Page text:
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In a Lynda.com tutorial I came across such a sentence: "In camera uploads (folder) are all the photos that I had in my iPad". Instead, I would have probably said: "In camera uploads there are ...." Is that also correct?

To generalize, I put the question this way:

  1. Inside the box there were five apples.
  2. Inside the box were five apples.

Are they synonymous? Is there a slight or bigger difference? When do we choose one over the other? According to my research, they are both valid constructions. But when I asked a native British person, he said that he would never use the second construction because it seemed odd to him. I'm pretty confident with using 1st construction, whereas I'm not sure with the second one. Maybe they are synonymous in meaning but different stylistically. If so, please confirm. And it seems to me that 1st construction is much more frequent than 2nd one. Please confirm or contradict.

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    "Here be dragons" or "Here there be dragons"? The first is certainly the traditional way of saying it, and the second one is a more modern way of saying it. Since the correct modern way of saying it is "here there are dragons", it says something that people are sticking a "there" in but still using "be". – Peter Shor Jun 9 '14 at 13:21
  • And here be Ngrams showing that people are quite often putting in the "there" but still using "be". – Peter Shor Jun 9 '14 at 13:25
  • Both versions (#1, #2) are grammatical, and both are commonly used. Different contexts might prefer one version over the other. It is an issue of information packaging, which involves how the writer wishes to present the info to the reader, and which involves whether the bits of info are old or new. Syntactically, your #2 version involves subject-dependent inversion; your #1 version involves an existential construction ("there was X") with fronting of a dependent ("inside the box"). There are a lot of similarities between the two. – F.E. Jun 9 '14 at 16:39
  • But, for your "uploads folder" example, you'll have to evaluate them specifically as to their meaning. Compare: "In the folder are all the photos that I had in my iPad" vs In the folder there are all the photos that I had in my iPad"; you'll have to see which one sounds better in the context they are being used in. For instance, if you had already recently mentioned your iPad photos, then the 2nd version (with the existential "there") might not sound acceptable. – F.E. Jun 9 '14 at 18:40
  • Notice that there is also the different: "There in the folder are all the photos that I had in my iPad". -- That is a different construction (than the existential). – F.E. Jun 9 '14 at 18:44
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Any of these forms would be correct:

  1. Inside the box there were five apples.
  2. Inside the box were five apples.
  3. There were five apples inside the box.
  4. Inside the box there are five apples.
  5. Inside the box are five apples.
  6. There are five apples inside the box.

Examples (1-3) all mean the same thing. Examples (4-6) all mean the same thing.

I'm pretty confident with using 1st construction, whereas I'm not sure with the second one. Maybe they are synonymous in meaning but different stylistically. If so, please confirm. And it seems to me that 1st construction is much more frequent than 2nd one. Please confirm or contradict.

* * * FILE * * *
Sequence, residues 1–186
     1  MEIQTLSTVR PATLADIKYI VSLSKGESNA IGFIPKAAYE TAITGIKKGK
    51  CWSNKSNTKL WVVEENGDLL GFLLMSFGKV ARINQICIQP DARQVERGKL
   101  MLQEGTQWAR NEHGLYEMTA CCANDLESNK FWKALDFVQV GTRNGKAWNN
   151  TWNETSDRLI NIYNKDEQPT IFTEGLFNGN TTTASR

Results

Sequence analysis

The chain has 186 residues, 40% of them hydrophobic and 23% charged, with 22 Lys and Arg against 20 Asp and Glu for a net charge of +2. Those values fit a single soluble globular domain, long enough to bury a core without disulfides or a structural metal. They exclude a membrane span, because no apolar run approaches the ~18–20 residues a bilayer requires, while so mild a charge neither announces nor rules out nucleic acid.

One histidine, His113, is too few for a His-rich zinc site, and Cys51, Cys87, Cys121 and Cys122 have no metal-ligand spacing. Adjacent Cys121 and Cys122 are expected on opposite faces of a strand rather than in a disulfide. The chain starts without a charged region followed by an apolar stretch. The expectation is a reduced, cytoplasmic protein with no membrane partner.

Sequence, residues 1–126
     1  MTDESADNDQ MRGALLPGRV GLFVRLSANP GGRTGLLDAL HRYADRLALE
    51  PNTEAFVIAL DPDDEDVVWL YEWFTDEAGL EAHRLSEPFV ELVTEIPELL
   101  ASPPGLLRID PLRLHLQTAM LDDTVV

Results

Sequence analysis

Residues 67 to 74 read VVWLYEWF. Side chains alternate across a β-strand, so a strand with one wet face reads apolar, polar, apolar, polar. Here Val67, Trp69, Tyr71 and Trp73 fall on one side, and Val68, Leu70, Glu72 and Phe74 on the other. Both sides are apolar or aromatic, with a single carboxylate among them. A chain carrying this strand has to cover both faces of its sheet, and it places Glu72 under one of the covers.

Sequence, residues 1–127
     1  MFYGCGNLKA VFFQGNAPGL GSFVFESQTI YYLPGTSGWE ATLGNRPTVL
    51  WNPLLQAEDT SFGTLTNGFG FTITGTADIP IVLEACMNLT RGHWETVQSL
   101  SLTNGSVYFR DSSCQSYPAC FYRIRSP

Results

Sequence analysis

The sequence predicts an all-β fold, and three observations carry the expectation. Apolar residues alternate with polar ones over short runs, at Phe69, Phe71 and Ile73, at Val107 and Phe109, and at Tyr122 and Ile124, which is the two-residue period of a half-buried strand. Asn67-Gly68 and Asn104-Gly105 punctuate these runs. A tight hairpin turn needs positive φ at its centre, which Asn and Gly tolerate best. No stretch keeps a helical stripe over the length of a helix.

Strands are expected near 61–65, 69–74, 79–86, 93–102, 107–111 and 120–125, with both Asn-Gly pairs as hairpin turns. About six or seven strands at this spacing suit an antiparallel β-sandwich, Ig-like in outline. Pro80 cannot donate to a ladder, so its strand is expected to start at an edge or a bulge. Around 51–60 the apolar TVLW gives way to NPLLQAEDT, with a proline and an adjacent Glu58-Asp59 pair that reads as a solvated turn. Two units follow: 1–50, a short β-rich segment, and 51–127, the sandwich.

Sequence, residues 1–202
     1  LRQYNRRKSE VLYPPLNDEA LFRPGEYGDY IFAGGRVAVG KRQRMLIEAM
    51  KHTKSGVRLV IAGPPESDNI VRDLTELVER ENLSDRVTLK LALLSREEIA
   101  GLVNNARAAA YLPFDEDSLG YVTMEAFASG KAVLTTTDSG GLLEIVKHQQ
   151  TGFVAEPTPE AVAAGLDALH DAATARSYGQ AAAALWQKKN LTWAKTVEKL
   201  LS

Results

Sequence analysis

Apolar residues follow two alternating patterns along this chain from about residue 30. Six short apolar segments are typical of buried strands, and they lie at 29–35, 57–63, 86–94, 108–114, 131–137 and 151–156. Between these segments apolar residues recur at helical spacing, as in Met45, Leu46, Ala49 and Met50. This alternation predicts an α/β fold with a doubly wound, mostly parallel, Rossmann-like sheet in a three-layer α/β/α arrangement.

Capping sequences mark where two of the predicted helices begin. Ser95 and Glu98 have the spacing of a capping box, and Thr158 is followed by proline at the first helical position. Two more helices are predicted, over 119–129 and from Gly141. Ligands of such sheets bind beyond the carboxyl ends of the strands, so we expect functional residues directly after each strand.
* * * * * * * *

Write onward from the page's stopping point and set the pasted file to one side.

There isn't a significant difference in meaning but using "there" is more common. The removal of "there" makes the sentence sound slightly more informal but in AmE both sentences would be immediately understood.

  • There isn't any difference in meaning. There-Insertion is almost always optional when used with a locative (as it almost always is), and transformations don't change meaning, so what you get is two totally equivalent sentences that differ only in stress and intonation pattern. Pick whichever you like. – John Lawler Jun 25 '14 at 17:56
  • @JohnLawler: Yes. Was my post unclear? I was not trying to suggest that there was any difference in meaning. – MrHen Jun 25 '14 at 17:58
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I have no solid evidence to back this up, but here's what I think the difference is:

Inside the box there were five apples.

End of story.

People generally use this syntax when there's nothing to add.

Inside the box were five apples.

Two of them were red.

People generally use this syntax when they have something to add to the assertion.

This is not a rule, and examples contradicting what I just said are fairly common.

Again, this is just my personal opinion. Grammatically they're both correct. And as pointed out, the second one is a more modern form.

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Disclaimer: I'm no Grammar Nazi, but I do live near the Grammar Death Camp.

When I read your OP:

"In a Lynda.com tutorial I came across such a sentence: "In camera uploads (folder) are all the photos that I had in my iPad". Instead, I would have probably said: "In camera uploads there are ...."

I immediately saw an opportunity for confusion here (place emphasis on italicized parts):

"In camera uploads (folder) are all the photos that I had in my iPad"

vs.

"In camera uploads (folder) are all the photos that I had in my iPad"

...in other words, I saw the author specifying which the uploads folders, calling one of them the one created in the camera itself. Like the difference between:

"In camera uploads"

...and...

"On computer uploads"

I don't have anything Apple, so this may appear silly to an Apple person! :)

I think I might write too many docs/instructions... :)

pat :)

  • This doesn't seem to be addressing the "there was" or "was" part of the question. I don't think the asker was looking for general proofreading advice. – MrHen Jun 25 '14 at 17:46

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